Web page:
NemKonto payments are usually executed as next-day credit transfers using Sum Clearing but some banks also support same-day credit transfers. Note that actual settlement may be delayed since the identifier (CPR, CVR, etc.) is first validated before the payment can be processed.
Betalingsservice is the main direct debit scheme in Denmark used by consumers with more than 95% of Danes using it annually to make recurring payments for things like utility bills, subscriptions, and instalments.
In addition to the transaction cost, which ranges from 2.50 to 5.00 DKK depending on the bill size, businesses must pay a subscription fee of 149 DKK per month to collect direct debit payments through Betalingsservice.
Prior to collecting direct debits, a Betalingsservice mandate (or a ‘betalingsaftale’) must be signed by the customer that includes the full details of the direct debit. Customers can cancel their mandate at any time by contacting the bank. After three days from the cancellation request, no further payments can be collected from the customer’s account. The mandate will automatically expire if no collections have been made for 15 months.
Customers can request a refund no later than on the 7th day of the month when the collection was debited from their account. If a rejection or reversal is initiated after the payment has been made, the funds will be automatically debited from the merchant's account and returned to the customer. However, if the collection has not yet been made, it will be cancelled, and no funds will move between accounts.
The cut-off for submitting Betalingsservice collections is 09.00 CET, six business days before the first day of the month in which the collection is scheduled. Collections can be made up to three business days before the first day of the next month if a ‘late’ fee is paid.
For example, to collect a payment in May you would need to submit it no later than six business days before the end of April. This makes Betalingsservice impractical for ad-hoc collections.
Similar to Betalingsservice, Leverandørservice enables the automatic collection of recurring payments between Danish bank accounts except it’s used exclusively for business-to-business (B2B) direct debit collections.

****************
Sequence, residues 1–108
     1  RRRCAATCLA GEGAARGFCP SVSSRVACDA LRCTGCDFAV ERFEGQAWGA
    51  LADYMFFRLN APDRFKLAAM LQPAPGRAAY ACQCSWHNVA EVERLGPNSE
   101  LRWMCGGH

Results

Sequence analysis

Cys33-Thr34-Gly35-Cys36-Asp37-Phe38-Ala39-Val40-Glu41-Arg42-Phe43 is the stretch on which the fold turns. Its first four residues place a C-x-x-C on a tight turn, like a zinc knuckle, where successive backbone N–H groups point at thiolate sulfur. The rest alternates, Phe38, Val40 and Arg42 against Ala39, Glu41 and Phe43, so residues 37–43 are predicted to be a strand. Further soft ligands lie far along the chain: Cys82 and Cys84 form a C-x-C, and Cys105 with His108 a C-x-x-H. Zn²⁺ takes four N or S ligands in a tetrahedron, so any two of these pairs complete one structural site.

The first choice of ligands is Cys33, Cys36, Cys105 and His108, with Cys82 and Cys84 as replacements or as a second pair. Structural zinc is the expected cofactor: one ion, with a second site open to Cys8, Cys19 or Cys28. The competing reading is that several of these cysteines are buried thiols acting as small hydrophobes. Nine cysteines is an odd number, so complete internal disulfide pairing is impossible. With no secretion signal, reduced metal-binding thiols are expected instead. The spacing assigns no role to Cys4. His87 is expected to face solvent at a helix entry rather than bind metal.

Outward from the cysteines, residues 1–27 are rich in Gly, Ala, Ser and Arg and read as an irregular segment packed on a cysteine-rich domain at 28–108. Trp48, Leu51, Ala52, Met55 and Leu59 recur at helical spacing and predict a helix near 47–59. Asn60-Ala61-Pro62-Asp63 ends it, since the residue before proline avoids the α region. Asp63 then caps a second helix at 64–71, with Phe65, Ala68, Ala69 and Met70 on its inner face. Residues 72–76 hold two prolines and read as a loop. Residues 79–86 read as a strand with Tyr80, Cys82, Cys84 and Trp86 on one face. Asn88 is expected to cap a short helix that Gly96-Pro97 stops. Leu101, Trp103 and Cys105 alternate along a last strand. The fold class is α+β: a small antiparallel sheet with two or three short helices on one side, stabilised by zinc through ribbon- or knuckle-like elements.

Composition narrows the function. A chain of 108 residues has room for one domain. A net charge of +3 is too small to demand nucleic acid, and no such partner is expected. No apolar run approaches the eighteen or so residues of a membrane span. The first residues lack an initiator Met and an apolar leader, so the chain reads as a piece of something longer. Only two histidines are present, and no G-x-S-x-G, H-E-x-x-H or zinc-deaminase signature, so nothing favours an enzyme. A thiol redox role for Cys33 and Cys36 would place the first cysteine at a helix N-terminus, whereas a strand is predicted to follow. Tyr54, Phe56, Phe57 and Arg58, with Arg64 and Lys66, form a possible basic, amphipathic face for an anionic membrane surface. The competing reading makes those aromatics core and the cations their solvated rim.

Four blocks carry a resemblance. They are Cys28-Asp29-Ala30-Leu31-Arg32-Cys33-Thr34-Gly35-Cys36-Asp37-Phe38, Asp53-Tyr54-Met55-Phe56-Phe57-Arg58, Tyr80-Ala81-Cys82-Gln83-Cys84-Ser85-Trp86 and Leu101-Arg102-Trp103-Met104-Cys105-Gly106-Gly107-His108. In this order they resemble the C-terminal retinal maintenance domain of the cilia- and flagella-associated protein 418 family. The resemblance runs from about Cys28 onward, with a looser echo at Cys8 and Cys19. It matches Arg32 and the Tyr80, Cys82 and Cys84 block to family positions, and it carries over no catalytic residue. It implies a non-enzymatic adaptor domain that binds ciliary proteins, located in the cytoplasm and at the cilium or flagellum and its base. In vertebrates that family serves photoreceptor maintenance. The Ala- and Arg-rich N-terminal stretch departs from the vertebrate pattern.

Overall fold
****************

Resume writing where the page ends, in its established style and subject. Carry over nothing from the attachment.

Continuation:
To enter into a Leverandørservice creditor agreement, the creditor must have an active Danish CVR number or tax registration number. Prior to collecting any direct debits, the debtor must give authorization in the form of a mandate.
The debtor can refuse a payment by sending a request in writing for the non-execution of the payment to the debtor’s bank. This applies only to the specific payment without disabling the mandate.
A refund can be requested for a payment already executed with a written request. The creditor cannot contest this refund request.
The cut-off for Leverandørservice collections is 16.30, one business day before the desired execution date. When a payment is made before the cut-off, funds are made available to the creditor the following business day.
Denmark and P27
P27 Nordic Payments (P27) is a joint initiative between six of the largest banks in the Nordic countries aiming to create one of the first fully cross-border instant payment systems in the world. Its stated long-term ambition is to unite all Nordic mobile payment systems into one single cross-border platform, taking over and replacing existing infrastructure and national clearing house responsibilities.
At least that was its ambition at one time. In April 2023, P27 withdrew its clearing licence application from the Swedish Financial Supervisory Authority, leaving the project’s future in doubt. This followed a decision by Danmarks Nationalbank to move ahead with its own modernisation project, TARGET DKK, outside the P27 framework.
While the future of P27 remains unclear, it seems likely that the national banking sectors across the Nordics will follow Denmark’s lead and continue to pursue their own digitisation initiatives for the time being.
Instant payments on the rise
Denmark prides itself on its well-adopted real-time settlement infrastructure and instant account-to-account transfers are increasingly the norm for Danish consumers and businesses. The shift away from batch-based payments is set to accelerate, even without P27, with implications for any business or platform that still relies on manual workflows and legacy infrastructure.
Real-time, continuous settlement requires a greater level of automation for both initiation and reconciliation plus live tracking and new workflows for automated retries and faster approvals. The Atlar platform is built to support real-time payments in Denmark and elsewhere in Europe out of the box. To learn how we can help shift your payment flows to real time, get in touch with us here.
How Atlar can help
With Atlar, you can access all local Danish schemes through a single API and manage payments across all banks from one dashboard. This lets you automate both credit transfers and direct debits from initiation to reconciliation – saving tons of hours that would otherwise be spent manually initiating and tracking payments.
The Danish payments landscape is undergoing major change. At Atlar we help businesses avoid the costs of building and maintaining integrations to Danish banks with support for real-time payments built-in, making it easy to take advantage of the latest infrastructure developments.
Get in touch
If you're a company looking to access local schemes and automate payments in Denmark or elsewhere, we'd love to speak with you. Book a demo here.